A huge thank you must go to all students who have participated and also to parents and carers who have supported them in completing their entries! Congratulations to the winners of the competitions who earned themselves R4s and R5s as a reward for their successes. All entries were rewarded with R3s for their efforts in participating.
Keep your eyes peeled for more House competitions being advertised after half term, with the main event being Goffs’ Got Talent, which will be held virtually this year! So if you are hiding a hidden talent, get practising over half term, as your video entries will be requested within the first week back.
Have a restful half term break.
Director of the House System
Mental Health & Personal Development Challenges 2021
Following the popularity of last year’s Personal Development Challenges, during this lockdown we decided that we would set some new ones for students to participate in. The updated challenges included elements linking to students' mental and physical health, and all provided opportunities to earn House points.
We have had many wonderful responses; students have demonstrated their amazing skills in completing some varied, fun and useful tasks.
These challenges ranged from making tasty treats and healthy dishes for the family, to creating origami boats, or learning to use the washing machine.
Please see below the names of some of the students who were recognised for their outstanding efforts with the challenges, and a collage of some of their work. A huge well done to them all!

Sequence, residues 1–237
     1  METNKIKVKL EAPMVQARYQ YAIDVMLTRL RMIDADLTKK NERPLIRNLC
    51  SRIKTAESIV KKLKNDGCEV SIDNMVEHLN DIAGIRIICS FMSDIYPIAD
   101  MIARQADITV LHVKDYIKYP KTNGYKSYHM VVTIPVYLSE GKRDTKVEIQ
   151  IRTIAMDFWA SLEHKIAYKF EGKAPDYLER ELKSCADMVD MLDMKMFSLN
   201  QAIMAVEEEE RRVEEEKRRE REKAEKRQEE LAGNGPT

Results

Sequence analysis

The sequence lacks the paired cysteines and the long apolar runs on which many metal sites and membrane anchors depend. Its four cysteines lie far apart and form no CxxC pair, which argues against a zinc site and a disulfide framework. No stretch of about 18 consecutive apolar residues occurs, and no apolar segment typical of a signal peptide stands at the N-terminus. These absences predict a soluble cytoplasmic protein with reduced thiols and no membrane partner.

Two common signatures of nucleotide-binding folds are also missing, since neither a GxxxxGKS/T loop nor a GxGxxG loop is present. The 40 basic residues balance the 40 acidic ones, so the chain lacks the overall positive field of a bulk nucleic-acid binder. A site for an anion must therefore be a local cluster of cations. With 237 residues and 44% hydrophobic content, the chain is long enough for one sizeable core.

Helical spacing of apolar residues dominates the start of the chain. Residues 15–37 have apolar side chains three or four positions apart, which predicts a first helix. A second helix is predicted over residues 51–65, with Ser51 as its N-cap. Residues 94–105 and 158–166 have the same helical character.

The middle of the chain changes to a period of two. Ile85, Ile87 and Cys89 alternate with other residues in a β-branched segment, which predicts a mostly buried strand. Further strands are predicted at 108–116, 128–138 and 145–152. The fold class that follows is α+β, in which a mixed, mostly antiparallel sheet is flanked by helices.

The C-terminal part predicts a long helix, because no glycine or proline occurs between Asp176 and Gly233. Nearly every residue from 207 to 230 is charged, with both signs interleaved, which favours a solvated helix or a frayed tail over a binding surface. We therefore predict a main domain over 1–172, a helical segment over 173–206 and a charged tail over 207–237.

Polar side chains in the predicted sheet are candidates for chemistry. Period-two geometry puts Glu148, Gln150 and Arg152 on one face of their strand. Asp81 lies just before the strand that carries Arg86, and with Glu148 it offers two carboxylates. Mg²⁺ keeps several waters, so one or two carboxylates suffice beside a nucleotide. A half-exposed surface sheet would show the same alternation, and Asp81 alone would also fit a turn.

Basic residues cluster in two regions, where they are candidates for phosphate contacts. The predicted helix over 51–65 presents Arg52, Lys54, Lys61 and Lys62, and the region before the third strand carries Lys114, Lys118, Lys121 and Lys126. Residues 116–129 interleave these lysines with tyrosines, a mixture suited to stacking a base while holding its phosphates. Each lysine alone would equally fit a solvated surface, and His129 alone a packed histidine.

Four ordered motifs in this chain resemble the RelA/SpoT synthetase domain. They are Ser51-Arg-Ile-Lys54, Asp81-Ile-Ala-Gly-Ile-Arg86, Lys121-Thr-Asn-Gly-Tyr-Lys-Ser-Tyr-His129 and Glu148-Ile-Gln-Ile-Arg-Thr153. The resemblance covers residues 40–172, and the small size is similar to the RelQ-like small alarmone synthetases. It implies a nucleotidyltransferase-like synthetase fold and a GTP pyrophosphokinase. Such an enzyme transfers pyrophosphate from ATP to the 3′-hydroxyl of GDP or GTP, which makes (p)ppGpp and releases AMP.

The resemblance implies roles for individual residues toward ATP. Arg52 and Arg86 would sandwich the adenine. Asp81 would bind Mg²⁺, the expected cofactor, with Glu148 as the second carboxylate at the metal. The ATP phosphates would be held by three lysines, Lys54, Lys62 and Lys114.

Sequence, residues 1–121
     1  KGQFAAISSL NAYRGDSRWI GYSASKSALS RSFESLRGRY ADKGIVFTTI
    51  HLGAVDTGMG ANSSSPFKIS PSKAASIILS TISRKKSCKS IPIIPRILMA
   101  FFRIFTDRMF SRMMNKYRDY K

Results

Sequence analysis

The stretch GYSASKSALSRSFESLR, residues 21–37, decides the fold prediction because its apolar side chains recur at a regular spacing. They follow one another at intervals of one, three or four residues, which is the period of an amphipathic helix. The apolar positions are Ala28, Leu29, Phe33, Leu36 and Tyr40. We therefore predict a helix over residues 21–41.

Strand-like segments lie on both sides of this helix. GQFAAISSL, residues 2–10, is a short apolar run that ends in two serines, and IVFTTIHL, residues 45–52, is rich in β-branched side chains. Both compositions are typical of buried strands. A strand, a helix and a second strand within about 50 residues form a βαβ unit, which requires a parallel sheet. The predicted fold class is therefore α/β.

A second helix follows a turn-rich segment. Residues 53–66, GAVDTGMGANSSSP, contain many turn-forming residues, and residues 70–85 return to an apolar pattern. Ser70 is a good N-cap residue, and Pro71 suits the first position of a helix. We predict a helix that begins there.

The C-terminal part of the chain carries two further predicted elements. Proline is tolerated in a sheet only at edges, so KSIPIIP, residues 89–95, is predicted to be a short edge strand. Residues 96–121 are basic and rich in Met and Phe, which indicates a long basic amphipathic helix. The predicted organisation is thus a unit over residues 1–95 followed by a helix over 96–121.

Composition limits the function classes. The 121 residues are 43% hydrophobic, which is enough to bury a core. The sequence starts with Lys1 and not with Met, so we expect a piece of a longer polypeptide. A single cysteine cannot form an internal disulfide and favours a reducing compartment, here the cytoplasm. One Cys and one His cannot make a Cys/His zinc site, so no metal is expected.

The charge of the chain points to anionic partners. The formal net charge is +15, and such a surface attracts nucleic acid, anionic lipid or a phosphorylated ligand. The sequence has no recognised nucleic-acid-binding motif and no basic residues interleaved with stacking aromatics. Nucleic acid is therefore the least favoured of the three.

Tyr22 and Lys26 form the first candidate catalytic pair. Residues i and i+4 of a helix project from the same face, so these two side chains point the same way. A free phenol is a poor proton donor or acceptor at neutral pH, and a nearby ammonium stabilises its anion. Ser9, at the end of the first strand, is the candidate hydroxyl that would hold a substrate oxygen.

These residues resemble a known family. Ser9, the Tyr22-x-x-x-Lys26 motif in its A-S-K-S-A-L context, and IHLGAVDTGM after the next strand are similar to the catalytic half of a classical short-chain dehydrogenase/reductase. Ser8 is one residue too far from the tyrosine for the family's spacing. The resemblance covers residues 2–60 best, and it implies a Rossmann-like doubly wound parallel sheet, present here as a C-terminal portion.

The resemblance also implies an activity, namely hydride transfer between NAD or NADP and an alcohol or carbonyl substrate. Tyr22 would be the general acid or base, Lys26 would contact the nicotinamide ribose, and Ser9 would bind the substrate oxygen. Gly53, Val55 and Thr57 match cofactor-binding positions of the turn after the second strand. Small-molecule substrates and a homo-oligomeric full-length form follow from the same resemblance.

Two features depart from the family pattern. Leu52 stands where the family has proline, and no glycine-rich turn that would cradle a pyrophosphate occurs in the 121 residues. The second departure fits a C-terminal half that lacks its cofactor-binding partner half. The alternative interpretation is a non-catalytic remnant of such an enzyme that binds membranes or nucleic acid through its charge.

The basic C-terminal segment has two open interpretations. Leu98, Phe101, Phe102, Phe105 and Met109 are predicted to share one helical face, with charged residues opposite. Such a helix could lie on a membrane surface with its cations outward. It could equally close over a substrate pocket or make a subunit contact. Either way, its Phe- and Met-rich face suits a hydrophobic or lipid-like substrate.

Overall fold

· Daisy Kearns 7U
· Gia Sukhija 8L
· Grace Oyelade 7Q
· Gulzar Guvan 8Q
· Holly Williamson 7I
· Jessica Jones 8E
· Olivia Rama 8E
· Samuel Lawrence 7E
· Ruby Ball 7I
· Alexander Horvat 7Y
· Jaila Perry-Hutson 7T
· Georgiana Acceleanu 7Y
· Lucy Fortune 8T
All of these students will receive an R4 – 1000 House Points.
Please take a moment to look at the Mental Health & Personal Development Challenges section of the website, to see the enjoyable and helpful tasks that have been taking part in. We can’t wait to see what the students produce in the next round, so keep your eye on the website for more!
In the last newsletter, I made note that the first term was a period of much uncertainty, for young people in particular. This uncertainty has continued, and is a source of anxiety for many.
This half term, with all the students working at home, the need for a focus on student wellbeing has never been more important. As we approach a well-earned break, I would like to let you know about all the hard work that has been taking place during this term, involving both staff and students, to support student wellbeing.
Throughout this period, Krystle (School Youth Worker) and Jennie (Place2Be) have been working hard to continue individual meetings with students, to provide a source of support and consistency despite the school closure.
1. Children’s Mental Health Week 2021
Our focus this term, working closely with Place2Be, has been on raising awareness of the importance of mental health and student wellbeing.
Recently we recognised ‘Children’s Mental Health and Wellbeing Week (1st – 7th February 2021), the theme of which was 'expressing yourself'. We encouraged our students to consider ways in which they express who they are. When one considers expression, we looked to her Royal Highness the Duchess of Cambridge, who is the royal patron of Place2Be, who shares her thoughts on this theme, in the link below: